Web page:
FIP inspection scheme stalled

Written by: Simon Doyle | Published:

Northern Ireland’s “special measures” scheme has effectively been stalled due to industrial action by teachers.

It has been more than two years since any school was placed into the Formal Intervention Process (FIP).

A school will typically be put into formal intervention after issues are raised by inspectors. However, unions’ refusal to cooperate with inspections due to a dispute over pay and workload means FIP is also shelved.

Incomplete reports mean that potential shortcomings that could be addressed through intervention are not being identified.

There are five secondary schools in FIP at present. Each school commits to working with management to deliver an agreed action plan to address the areas for improvement.

All the main unions withdrew cooperation as part of action short of a strike, which began in January 2017. Unions say their action must continue.

Mark Langhammer of the National Education Union said it will only cease once a pay deal is sealed and reaches teachers’ pockets: “Teachers have little or no confidence in the culture of inspections and their high-stakes nature. Inspection outcomes mirror results, and results mirror – for the most part – nothing more than the social class of the in-take. Teacher unions, working together, will argue for radical change in the review of accountability proposed through the teachers’ pay talks.”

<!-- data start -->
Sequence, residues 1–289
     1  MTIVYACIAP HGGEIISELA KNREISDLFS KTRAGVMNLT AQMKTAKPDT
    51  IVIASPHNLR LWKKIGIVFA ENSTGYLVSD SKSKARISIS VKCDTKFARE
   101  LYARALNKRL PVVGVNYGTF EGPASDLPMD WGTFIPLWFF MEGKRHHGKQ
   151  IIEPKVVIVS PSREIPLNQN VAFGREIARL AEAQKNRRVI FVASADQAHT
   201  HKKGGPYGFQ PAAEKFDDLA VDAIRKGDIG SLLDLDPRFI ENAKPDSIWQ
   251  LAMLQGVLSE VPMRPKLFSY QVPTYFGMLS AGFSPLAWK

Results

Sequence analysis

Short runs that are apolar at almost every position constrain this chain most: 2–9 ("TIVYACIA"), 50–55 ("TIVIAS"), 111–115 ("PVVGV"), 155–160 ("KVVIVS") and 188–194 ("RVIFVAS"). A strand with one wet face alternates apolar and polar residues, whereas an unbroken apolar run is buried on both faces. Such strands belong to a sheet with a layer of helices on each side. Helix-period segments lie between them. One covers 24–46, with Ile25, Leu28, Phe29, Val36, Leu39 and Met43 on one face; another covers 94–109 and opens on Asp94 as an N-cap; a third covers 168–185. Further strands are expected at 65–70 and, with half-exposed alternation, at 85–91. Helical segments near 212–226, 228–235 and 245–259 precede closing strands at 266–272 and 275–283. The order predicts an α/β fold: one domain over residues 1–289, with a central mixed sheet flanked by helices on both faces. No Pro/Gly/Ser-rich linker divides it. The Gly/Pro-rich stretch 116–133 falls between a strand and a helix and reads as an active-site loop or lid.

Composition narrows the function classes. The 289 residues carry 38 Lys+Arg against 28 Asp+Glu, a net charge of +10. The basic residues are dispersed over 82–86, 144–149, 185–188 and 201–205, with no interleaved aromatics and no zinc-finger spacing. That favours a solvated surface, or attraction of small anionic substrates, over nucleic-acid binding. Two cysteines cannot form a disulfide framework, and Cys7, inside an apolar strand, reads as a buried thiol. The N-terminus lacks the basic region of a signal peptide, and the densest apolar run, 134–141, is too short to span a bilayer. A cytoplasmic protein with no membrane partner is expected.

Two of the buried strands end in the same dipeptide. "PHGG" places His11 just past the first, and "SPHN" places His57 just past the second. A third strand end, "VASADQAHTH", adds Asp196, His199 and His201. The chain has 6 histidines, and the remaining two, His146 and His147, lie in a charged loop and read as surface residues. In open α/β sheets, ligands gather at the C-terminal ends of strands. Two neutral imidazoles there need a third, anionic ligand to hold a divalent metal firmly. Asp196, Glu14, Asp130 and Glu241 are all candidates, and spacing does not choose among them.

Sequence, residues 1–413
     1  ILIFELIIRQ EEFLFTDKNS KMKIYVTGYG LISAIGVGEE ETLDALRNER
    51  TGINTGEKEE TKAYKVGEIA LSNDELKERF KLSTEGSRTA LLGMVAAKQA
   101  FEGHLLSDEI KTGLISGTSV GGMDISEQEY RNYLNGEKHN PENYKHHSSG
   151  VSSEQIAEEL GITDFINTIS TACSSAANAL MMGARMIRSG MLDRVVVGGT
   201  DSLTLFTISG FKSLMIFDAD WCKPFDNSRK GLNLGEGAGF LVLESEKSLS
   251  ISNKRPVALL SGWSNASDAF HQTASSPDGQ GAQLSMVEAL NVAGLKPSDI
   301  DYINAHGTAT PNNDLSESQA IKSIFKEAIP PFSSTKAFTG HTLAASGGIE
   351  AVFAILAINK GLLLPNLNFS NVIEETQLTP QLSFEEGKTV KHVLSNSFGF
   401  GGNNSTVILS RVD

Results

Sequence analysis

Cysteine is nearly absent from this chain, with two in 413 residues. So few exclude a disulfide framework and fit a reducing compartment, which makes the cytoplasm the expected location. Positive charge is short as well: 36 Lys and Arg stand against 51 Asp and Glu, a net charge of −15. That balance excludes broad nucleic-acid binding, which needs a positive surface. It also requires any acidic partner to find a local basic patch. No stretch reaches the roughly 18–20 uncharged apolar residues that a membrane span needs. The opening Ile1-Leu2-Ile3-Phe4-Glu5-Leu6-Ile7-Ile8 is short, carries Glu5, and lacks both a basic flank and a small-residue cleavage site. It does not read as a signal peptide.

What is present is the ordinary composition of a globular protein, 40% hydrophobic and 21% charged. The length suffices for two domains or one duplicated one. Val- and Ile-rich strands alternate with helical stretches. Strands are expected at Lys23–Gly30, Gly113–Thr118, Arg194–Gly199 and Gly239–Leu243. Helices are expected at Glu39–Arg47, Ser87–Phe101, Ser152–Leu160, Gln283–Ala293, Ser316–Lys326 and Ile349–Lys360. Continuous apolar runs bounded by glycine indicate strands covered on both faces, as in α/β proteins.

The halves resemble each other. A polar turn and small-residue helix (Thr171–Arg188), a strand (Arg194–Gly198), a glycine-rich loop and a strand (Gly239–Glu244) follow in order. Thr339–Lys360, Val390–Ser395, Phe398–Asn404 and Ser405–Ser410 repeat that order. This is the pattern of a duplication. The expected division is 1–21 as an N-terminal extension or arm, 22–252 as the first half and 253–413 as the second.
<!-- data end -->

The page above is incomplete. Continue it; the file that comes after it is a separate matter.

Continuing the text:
Irish National Teachers’ Organisation Northern secretary Gerry Murphy said formal intervention “is a failed concept”.

He added: “Schools that require additional support have in reality nowhere to turn. The time has come for a root and branch re-evaluation of our education system. As things currently stand we have a system that is being maintained by a workforce that is underpaid and overworked.”


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